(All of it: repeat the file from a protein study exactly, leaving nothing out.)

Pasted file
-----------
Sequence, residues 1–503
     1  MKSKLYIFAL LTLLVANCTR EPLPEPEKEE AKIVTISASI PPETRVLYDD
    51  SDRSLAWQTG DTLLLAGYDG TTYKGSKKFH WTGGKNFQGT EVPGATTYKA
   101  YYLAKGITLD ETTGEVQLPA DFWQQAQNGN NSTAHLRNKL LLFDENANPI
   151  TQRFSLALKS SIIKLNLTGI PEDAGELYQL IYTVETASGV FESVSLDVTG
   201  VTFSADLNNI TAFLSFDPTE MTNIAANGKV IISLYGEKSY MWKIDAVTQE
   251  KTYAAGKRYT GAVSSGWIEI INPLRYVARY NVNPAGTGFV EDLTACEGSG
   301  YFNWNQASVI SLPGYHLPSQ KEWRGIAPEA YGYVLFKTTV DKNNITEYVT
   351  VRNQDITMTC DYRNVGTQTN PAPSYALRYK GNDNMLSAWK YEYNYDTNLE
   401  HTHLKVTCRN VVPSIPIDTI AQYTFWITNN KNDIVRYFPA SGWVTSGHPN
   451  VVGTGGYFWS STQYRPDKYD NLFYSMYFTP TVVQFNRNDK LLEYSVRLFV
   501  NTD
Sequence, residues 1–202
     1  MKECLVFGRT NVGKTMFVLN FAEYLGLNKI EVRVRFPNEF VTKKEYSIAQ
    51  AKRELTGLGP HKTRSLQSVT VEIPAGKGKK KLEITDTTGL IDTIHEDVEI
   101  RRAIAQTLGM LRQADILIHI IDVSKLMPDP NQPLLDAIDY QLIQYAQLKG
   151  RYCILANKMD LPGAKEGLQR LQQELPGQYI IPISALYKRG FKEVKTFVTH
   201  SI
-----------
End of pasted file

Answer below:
Sequence, residues 1–503
     1  MKSKLYIFAL LTLLVANCTR EPLPEPEKEE AKIVTISASI PPETRVLYDD
    51  SDRSLAWQTG DTLLLAGYDG TTYKGSKKFH WTGGKNFQGT EVPGATTYKA
   101  YYLAKGITLD ETTGEVQLPA DFWQQAQNGN NSTAHLRNKL LLFDENANPI
   151  TQRFSLALKS SIIKLNLTGI PEDAGELYQL IYTVETASGV FESVSLDVTG
   201  VTFSADLNNI TAFLSFDPTE MTNIAANGKV IISLYGEKSY MWKIDAVTQE
   251  KTYAAGKRYT GAVSSGWIEI INPLRYVARY NVNPAGTGFV EDLTACEGSG
   301  YFNWNQASVI SLPGYHLPSQ KEWRGIAPEA YGYVLFKTTV DKNNITEYVT
   351  VRNQDITMTC DYRNVGTQTN PAPSYALRYK GNDNMLSAWK YEYNYDTNLE
   401  HTHLKVTCRN VVPSIPIDTI AQYTFWITNN KNDIVRYFPA SGWVTSGHPN
   451  VVGTGGYFWS STQYRPDKYD NLFYSMYFTP TVVQFNRNDK LLEYSVRLFV
   501  NTD
Sequence, residues 1–202
     1  MKECLVFGRT NVGKTMFVLN FAEYLGLNKI EVRVRFPNEF VTKKEYSIAQ
    51  AKRELTGLGP HKTRSLQSVT VEIPAGKGKK KLEITDTTGL IDTIHEDVEI
   101  RRAIAQTLGM LRQADILIHI IDVSKLMPDP NQPLLDAIDY QLIQYAQLKG
   151  RYCILANKMD LPGAKEGLQR LQQELPGQYI IPISALYKRG FKEVKTFVTH
   201  SI